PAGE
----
New diseases are pretty rare these days. It used to be that a good observer could travel to the great unknown and acquire/discribe scads of new (to them) diseases. In the interconnected world of the present, “new” diseases spread rather quickly, and become old. When I was a young attending physician, I had heard of West Nile Fever from small chapters in medical school books. When I took over an inpatient medical service in the summer of 2002, I was taking care of several patients with the disease. It was new to me, but hardly new. Sometimes I wonder if people miss the great days of disease discovery, and try to make up for it by inventing their own diseases.
Here at denialism blog we’ve occassionally written about “fake diseases”, that is, diseases that are not recognized by science-based medice, have no clear definitions, and attract quackery. One of these diseases is Morgellons syndrome, an ill-defined malady recognized by no one other than patient advocacy groups and their stooges. Another plays on a real disease, but tries to stretch that disease’s definition to include just about any symptom you could imagine.
Chronic Lyme disease is the name given by a diverse group of patients and physicians who have in common a belief that a relatively common disease can continue to cause debility long after the disease is gone. The disease in question is Lyme disease, a tick-borne bacterial infection common in the Northeast U.S., and in scattered other parts of the country.
Since Lyme disease was first described in the U.S. in the latter part of the 20th century it has fascinated doctors and researchers. The ecology of the organism, its dependence on ex-urbanization, and it’s unique symptoms are very interesting. Combine that with how common it has become in a densly populated part of the country, and this disease is a winner.
The rash is quite characteristic, having a particular bullseye pattern. In endemic areas, this is virtually diagnostic of the infection. It also can cause an unusual arthritis, and if untreated, the disease can cause recurrent joint, neurologic, and cardiac disease. Usually symptoms resolve spontaneously.
The ability of this disease to cause late symptoms has attracted quite a bit of quackery. Lyme disease used to be rather mysterious, but not so much anymore. Diverse sypmtoms that appear in a large percentage of the population, such as fatigue, memory problems, headaches, and depression, are sometimes attributed to “chronic Lyme disease”, and people are subjected to costly, dangerous, and unproven treatments.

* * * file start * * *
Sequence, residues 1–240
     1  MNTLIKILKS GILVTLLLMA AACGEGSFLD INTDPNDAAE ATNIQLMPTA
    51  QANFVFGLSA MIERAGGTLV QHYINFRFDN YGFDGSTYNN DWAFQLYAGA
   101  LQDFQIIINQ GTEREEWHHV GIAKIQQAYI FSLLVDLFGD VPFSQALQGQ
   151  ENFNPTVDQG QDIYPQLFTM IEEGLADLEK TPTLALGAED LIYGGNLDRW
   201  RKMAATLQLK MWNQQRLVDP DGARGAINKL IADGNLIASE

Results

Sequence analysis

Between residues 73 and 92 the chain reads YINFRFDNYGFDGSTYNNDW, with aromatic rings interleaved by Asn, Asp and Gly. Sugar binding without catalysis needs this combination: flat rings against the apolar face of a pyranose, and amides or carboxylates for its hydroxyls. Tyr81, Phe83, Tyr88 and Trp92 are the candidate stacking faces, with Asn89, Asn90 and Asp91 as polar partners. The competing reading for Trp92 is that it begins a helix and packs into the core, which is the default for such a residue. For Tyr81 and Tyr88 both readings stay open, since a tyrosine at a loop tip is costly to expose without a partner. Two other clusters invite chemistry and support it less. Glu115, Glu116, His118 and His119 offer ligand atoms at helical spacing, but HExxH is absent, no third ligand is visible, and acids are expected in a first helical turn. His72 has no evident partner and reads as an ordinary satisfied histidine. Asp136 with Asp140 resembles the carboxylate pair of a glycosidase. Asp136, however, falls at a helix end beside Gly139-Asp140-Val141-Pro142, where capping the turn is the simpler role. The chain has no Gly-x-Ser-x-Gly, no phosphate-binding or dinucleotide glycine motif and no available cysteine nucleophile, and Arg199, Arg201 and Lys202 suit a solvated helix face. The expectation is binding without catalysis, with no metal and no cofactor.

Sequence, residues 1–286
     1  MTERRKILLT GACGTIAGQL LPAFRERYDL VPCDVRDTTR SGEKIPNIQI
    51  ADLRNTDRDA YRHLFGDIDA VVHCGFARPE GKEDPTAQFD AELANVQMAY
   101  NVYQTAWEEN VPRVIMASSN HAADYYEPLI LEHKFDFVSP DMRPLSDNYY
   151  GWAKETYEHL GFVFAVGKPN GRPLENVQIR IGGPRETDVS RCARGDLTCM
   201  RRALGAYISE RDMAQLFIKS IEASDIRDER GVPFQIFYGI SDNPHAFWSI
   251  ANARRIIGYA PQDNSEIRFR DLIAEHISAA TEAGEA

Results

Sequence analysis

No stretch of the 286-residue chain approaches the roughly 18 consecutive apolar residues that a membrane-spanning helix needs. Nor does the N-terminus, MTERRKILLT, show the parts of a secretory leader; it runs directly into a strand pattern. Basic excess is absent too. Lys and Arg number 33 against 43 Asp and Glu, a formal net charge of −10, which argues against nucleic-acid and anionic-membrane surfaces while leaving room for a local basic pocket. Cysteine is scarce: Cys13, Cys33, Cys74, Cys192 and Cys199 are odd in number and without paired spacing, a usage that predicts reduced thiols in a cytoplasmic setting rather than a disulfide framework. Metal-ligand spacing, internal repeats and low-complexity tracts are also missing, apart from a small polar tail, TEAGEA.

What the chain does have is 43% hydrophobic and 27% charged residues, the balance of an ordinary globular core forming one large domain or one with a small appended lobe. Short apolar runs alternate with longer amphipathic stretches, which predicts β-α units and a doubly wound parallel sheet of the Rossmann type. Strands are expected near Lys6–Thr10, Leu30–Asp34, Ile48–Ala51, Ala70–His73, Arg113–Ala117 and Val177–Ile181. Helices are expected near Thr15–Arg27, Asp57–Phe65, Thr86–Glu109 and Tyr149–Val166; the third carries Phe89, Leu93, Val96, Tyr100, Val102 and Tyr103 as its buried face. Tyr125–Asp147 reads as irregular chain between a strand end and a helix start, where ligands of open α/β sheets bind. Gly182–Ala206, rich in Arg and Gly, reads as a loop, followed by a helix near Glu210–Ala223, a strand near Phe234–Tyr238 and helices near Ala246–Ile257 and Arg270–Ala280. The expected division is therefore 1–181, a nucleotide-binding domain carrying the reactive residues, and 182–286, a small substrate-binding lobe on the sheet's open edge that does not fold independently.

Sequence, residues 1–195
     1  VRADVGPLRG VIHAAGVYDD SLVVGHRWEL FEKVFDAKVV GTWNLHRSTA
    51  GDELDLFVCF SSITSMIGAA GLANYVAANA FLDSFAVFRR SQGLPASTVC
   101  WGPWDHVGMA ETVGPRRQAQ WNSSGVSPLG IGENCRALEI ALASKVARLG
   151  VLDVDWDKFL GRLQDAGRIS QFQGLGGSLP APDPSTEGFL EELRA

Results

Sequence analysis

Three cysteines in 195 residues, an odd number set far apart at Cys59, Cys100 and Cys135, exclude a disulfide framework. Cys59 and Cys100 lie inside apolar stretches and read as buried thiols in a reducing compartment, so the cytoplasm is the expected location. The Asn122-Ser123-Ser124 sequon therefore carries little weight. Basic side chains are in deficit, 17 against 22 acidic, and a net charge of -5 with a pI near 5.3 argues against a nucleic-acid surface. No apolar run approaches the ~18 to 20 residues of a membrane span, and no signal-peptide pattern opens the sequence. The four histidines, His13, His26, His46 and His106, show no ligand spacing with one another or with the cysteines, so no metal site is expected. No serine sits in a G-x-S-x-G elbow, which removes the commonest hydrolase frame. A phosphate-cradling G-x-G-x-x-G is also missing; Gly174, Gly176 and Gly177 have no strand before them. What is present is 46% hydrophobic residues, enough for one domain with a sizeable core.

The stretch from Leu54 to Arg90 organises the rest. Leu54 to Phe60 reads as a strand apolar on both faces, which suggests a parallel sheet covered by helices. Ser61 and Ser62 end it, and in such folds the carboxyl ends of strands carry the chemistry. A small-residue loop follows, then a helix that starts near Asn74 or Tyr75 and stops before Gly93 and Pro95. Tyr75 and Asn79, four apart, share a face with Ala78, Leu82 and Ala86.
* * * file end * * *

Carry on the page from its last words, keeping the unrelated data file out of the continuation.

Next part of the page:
Some of the more credulous ideas about this “disease” include the idea of “sero-negative Lyme disease”, meaning there is no evidence in the blood, but people are labelled with the disease anyway. Sometimes, blood is sent to renegade labs that run unapproved tests for the disease.
For ease of analysis, chronic Lyme patients are often divided into four groups (NEJM, Volume 357(14):1422-1430. October 4, 2007).
Group one is patient with protean symptoms and no evidence of infection. Group two is those who have real diseases misdiagnosed as Lyme. Groups 3 and 4 have evidence of actually having had Lyme infection in the past, but their symptoms aren’t necessarily consistent with actual Lyme infection.
The first two groups seem to attract the worst of the quacks—those that diagnose and treat patients for a disease for which there is no evidence. I have seen patients treated for months on end with intravenous antibiotics for no apparent reason, subjected to all the complications inherent in long-term invasive therapy.
What is interesting about fake diseases is that there are people out there suffering, but without a clear diagnosis (or sometimes with a clear diagnosis that they don’t accept). Advocacy groups form, and fringe doctors, scientists, and other fake experts are pulled into the vortex. These advocacy groups not only push for unproven, unsafe treatments, but actually threaten doctors who listen to science rather than some hostile internet message board. In fact, I can pretty much guarantee a visit from them here very soon.
It’s a real problem, for doctors and for patients. Patients with real pain end up enriching doctors who practice questionable medicine. For patients, it’s a lose-lose scenario. But they love their charismatic leaders, and that bond it tough to break.